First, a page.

World War I Centennial: Mission Implausible
The First World War was an unprecedented catastrophe that killed millions and set the continent of Europe on the path to further calamity two decades later. But it didn’t come out of nowhere.
With the centennial of the outbreak of hostilities coming up in 2014, Erik Sass will be looking back at the lead-up to the war, when seemingly minor moments of friction accumulated until the situation was ready to explode. He'll be covering those events 100 years after they occurred. This is the 14th installment in the series. (See all entries here.)
April 30, 1912: Mission Implausible
In the years leading up to the First World War, the European Great Powers competed in a number of ways, ranging from colonies to armaments to trade and finance. One of the most important arenas, from both a military and symbolic standpoint, was the common practice of sending military advisers to lesser powers to help them upgrade their backwards, poorly trained forces to European standards (or at least something approaching them). If these missions worked out, the relationship could be transformed into a long-term alliance, with officers from the Great Powers even commanding foreign military units during wartime.
It’s no surprise, then, that 1912 found Britain and Germany both eagerly angling to send military advisers to the ailing, beleaguered Ottoman Empire.
The Ottoman Empire occupied a key strategic position along the Russian Empire’s southern flank, meaning the Turks could bottle up the Russian navy in the Black Sea; they also controlled Asia Minor, the only land bridge to Asia and the Middle East outside Russia, and therefore an important trade and transportation corridor (where Germany, France, and Britain were also competing for contracts to finance and build railroads and other infrastructure).
As the world’s preeminent naval power, Britain was the natural choice to provide advisers who could modernize, train, and possibly even help command the Turkish navy. The first British “naval mission” to Turkey, under the command of Admiral Douglas Gamble, lasted from February 1909 to March 1910, and was followed by a second under Vice-Admiral Hugh Pigot Williams, from April 1910 to April 1912.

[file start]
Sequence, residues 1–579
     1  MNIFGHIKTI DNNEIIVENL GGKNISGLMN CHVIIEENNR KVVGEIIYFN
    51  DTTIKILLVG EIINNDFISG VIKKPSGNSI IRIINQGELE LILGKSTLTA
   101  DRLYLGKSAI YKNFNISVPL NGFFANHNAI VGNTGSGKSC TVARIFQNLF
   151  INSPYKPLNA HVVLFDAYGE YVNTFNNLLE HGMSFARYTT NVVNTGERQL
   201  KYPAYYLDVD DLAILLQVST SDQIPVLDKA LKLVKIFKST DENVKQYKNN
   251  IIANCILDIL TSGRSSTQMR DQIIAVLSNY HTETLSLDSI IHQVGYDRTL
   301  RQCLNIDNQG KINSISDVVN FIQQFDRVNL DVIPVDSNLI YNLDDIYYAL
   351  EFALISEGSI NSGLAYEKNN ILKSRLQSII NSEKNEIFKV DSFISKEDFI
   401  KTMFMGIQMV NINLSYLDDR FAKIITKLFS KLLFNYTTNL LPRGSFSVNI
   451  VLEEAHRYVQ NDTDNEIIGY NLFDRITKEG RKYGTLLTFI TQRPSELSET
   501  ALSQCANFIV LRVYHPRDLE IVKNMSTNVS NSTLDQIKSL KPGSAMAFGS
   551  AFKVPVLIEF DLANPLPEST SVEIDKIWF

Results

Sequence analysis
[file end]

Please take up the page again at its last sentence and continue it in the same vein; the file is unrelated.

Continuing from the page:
But reforming the Turkish navy wasn’t an easy job, to put it mildly: Gamble confronted what an associate described as an “indescribable mess” and complained about disorganization and lack of financial support from the government, although he did succeed in leading the Turkish navy on maneuvers in the eastern Mediterranean. His replacement, Williams, had bad relations with the Turkish government; ominously, the Turks began purchasing destroyers from German shipyards after the British refused to sell them two dreadnoughts. In 1912 rumors spread that the Turks would be turning over the naval mission to Germany, but the British rallied and succeeded in winning a third (and final) appointment as naval advisers to Turkey.
The New Naval Mission Arrives
The Turks wanted Gamble back, but he was in poor health and didn’t relish the idea of returning to bureaucratic battle in Constantinople. Instead they got Admiral Arthur Limpus, whose naval mission arrived in Turkey on April 30–just as the total impotence of the Turkish navy had been demonstrated by the Italian bombardment of the Dardanelles, resulting in the closing of the Turkish straits (a critical trade artery) for two weeks. The British were hesitant about sending British officers to help the Turks during a war with Italy, since the Italians might consider this a violation of Britain’s declared neutrality, but the alternative–letting the Germans take over the Turkish navy–was even worse.
Limpus wasn’t able to help the Turkish navy fight the Italians, and indeed the goal of putting the Turkish navy on an equal footing with any of its European rivals was a long shot at best (in actuality the Brits probably didn’t try too hard, in order not to antagonize Russia). However, Limpus did manage to persuade the Turks to refurbish and upgrade their decaying port and dockyard facilities–not coincidentally furthering British business interests in the region while he was at it. To rebuild the naval facilities on land, Limpus formed a special public corporation, the “Societe Imperiale Ottomane Co-interessee des Docks et Chantiers” (all international organizations had French names at this time, but it was definitely a British entity). The Societe promptly awarded the contracts to Armstrong Vickers, a British company, giving German competitors like Krupp the cold shoulder.
The appearance of a close, increasingly friendly relationship between Britain and Turkey could only serve to stoke German paranoia about an international conspiracy to “encircle” the Fatherland, making the German government and military even more desperate to “break through” this encirclement by any means necessary. As a result, Germany would raise the stakes in its competition with Britain and France for influence in the Middle East, Africa, and the Balkans–through commercial initiatives but also militarily, if need be.
Indeed, although Britain was the logical choice for naval advice, Germany was the clear leader in military affairs on land, and already had a long-standing role providing military advisers to the Turkish army–foreshadowing their alliance in the Great War to come.